He is not being immodest. Big Trouble, a sprawling social history centered around the 1905 assassination, isn't Halberstam's book. It was written by J. Anthony Lukas, his friend and Harvard classmate who committed suicide in June after a lifelong battle with clinical depression. Bereft, Halberstam and other Lukas friends—among them Washington Post literary critic Jonathan Yardley, author Nicholas Le-mann and historians Patricia Limerick and Alan Brinkley—devised a unique tribute: They conducted the book tour Lukas didn't live to make, a six-week swing that ended with Halberstam's San Francisco appearance Nov. 20. "It was the right thing to do—a book shouldn't be orphaned," he says of Big Trouble, which hit the Los Angeles Times bestseller list on Oct. 26.
The book was only three months from publication last June 5 when Lukas, 64, strangled himself with the belt of a robe in his Manhattan apartment. To many his suicide was incomprehensible, for Lukas had lived a life writerly undergraduates imagine only in their beeriest dreams. An ace reporter, he had won two Pulitzers and nursed passions for pinball, baseball, jazz and, not least, book editor Linda Healey, his wife of 15 years. "He had gotten everything he had always wanted and more," says Halberstam. "This amazing, rich textured life, the love of an uncommon woman. Yet there was always the darker side."
Though aware of his black moods, not even Lukas's closest friends fathomed he would take his own life. "We thought part of being a man is to work through your problems on your own," says Yardley. "Only after Tony's death did I understand the foolishness of that point of view." Lukas himself had sought treatment grudgingly 10 years ago, rarely taking his antidepressants despite a worrisome family history.
Lukas's mother suffered from manic-depression and killed herself when he was 8; two other relatives also ended their own lives. A predisposition to depression is often inherited, and though statistics vary, perhaps seven of 10 people who commit suicide are clinically depressed. "He was swimming underwater with a brutal genetic disorder, an enormous undertow," says Halberstam. Most friends dismiss the idea that Lukas killed himself because he was despondent over the quality of Big Trouble, as some obituary writers speculated. "He was unhappy with every book he wrote at the stage of completion," says Lemann, 43. Like depression, suicide may also have genetic roots. "It's wired into some people," says Dr. Kay Redfield Jamison of the Johns Hopkins University School of Medicine.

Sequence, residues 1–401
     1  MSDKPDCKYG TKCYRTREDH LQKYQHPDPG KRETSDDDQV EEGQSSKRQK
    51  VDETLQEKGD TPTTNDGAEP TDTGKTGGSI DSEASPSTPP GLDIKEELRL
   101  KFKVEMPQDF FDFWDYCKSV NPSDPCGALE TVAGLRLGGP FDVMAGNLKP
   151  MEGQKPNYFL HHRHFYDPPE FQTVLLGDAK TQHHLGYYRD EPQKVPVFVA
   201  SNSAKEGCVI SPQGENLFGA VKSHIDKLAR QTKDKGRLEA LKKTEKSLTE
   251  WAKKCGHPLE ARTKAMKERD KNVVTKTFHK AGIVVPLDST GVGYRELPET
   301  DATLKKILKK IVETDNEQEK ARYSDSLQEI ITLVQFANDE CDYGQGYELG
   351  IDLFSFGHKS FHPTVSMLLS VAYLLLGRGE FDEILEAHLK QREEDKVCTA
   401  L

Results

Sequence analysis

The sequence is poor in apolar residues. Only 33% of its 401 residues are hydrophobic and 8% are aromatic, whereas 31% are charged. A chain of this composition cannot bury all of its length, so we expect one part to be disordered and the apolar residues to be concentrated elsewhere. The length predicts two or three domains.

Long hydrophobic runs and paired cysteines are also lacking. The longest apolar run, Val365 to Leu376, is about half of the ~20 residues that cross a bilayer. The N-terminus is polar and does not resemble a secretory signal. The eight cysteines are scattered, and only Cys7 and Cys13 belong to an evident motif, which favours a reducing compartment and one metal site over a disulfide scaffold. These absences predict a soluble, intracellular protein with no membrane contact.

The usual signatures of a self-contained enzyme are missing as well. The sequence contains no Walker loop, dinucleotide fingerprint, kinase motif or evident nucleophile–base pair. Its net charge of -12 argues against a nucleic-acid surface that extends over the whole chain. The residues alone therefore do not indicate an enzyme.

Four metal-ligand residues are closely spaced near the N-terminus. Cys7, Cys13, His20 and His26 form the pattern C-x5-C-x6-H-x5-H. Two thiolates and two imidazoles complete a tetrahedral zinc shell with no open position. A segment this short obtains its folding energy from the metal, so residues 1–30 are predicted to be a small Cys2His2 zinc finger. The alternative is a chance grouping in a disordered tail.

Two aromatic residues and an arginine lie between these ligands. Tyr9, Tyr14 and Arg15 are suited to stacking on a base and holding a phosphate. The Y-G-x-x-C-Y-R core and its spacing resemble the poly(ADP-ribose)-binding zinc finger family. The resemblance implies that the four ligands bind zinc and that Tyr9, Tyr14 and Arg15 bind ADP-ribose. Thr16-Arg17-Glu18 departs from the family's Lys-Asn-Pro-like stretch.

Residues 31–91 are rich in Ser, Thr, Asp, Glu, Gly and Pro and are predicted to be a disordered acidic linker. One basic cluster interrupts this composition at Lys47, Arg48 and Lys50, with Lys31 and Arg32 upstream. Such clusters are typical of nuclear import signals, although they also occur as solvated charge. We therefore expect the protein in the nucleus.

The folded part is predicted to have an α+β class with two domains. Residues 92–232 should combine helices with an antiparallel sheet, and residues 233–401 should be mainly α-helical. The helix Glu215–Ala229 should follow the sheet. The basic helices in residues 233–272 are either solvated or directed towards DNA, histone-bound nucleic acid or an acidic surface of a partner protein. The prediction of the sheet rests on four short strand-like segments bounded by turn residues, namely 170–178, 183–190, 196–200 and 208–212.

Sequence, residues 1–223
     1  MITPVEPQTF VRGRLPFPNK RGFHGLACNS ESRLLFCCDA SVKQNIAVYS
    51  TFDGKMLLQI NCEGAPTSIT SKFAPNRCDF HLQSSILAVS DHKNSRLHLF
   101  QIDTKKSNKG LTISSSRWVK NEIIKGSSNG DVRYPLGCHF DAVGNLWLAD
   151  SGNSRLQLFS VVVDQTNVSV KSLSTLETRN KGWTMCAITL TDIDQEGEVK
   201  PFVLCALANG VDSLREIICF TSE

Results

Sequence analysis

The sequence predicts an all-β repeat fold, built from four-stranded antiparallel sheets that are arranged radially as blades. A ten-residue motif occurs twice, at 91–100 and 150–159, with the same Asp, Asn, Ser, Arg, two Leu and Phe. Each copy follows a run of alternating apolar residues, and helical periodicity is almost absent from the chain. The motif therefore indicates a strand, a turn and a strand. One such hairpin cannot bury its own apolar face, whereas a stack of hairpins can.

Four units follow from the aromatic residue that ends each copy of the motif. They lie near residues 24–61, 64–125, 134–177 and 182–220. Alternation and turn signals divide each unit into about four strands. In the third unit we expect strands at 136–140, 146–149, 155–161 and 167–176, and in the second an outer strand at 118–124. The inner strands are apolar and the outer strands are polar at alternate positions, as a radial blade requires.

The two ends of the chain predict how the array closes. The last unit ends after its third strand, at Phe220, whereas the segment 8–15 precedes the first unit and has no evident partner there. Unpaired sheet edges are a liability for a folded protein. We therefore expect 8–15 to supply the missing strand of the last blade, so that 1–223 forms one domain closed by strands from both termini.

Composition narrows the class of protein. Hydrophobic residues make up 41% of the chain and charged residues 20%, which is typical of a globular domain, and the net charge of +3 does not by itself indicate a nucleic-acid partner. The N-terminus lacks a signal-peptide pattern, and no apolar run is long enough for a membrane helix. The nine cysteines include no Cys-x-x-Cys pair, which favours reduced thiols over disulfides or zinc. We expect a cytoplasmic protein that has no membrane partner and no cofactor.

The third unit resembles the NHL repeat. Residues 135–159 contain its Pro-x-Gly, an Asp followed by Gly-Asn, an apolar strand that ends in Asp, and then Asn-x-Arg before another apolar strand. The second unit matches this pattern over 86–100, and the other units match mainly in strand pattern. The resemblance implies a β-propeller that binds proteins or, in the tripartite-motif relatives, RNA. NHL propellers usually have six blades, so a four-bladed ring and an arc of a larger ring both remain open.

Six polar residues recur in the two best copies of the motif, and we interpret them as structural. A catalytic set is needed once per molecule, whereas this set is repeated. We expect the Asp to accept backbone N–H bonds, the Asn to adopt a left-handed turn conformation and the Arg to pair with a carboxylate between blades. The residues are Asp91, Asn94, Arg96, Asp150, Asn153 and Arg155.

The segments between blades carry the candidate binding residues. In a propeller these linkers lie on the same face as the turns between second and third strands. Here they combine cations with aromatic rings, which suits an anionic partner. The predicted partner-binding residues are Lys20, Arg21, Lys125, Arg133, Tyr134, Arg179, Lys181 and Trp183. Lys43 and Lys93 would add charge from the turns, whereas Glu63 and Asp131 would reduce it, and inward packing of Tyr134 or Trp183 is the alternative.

That circuitry may well have been in place when Jay Anthony Lukas was born in Manhattan to Edwin, a lawyer, and Elizabeth Lukas, an actress who slit her throat in her psychiatrist's garden in 1941. A decade passed before Tony and his brother Christopher, now 62, learned the details of her death.
After graduating from Harvard in 1955, Lukas worked for The Sun in Baltimore, then joined The New York Times in 1962. His first Pulitzer, in 1968, was for a piece on a murdered Connecticut teenager who had forsaken affluence for drugs and squalor in New York City. Driven, Lukas could become so absorbed in his work "that he didn't show much interest in other people's lives," Yardley says. (He could also be touchy: After Yardley mildly criticized Lukas's 1971 book on the '60s counterculture, Lukas didn't speak to him for eight years.)
By 1972 Lukas had left the Times and cofounded More, a journalism review. He wrote a book about Watergate and in 1985 published Common Ground, a study of school desegregation in Boston that won Lukas the National Book Award and a second Pulitzer. His contribution to 1993's Birth of a Fan, a collection of baseball essays, contained Lukas's only known written rumination on his childhood loss. In it he revealed that, to cope, he had created a "surrogate family"—his essay's title—that included Joe DiMaggio and the nearly invincible New York Yankees. "If I couldn't control my environment," he wrote, "they surely dominated theirs."
On June 5, Tony Lukas sought final control, leaving a wife and friends to ponder his stark denouement. Halberstam says the Big Trouble book tour was therapeutic. "When someone dies so unexpectedly there is enormous rage, pain and frustration," he says. "With this, it allows you to work it out a little, to feel you participated in some way to keep his memory alive."
ANTHONY DUIGNAN-CABRERA in New York City and ELIZABETH FERNANDEZ in San Francisco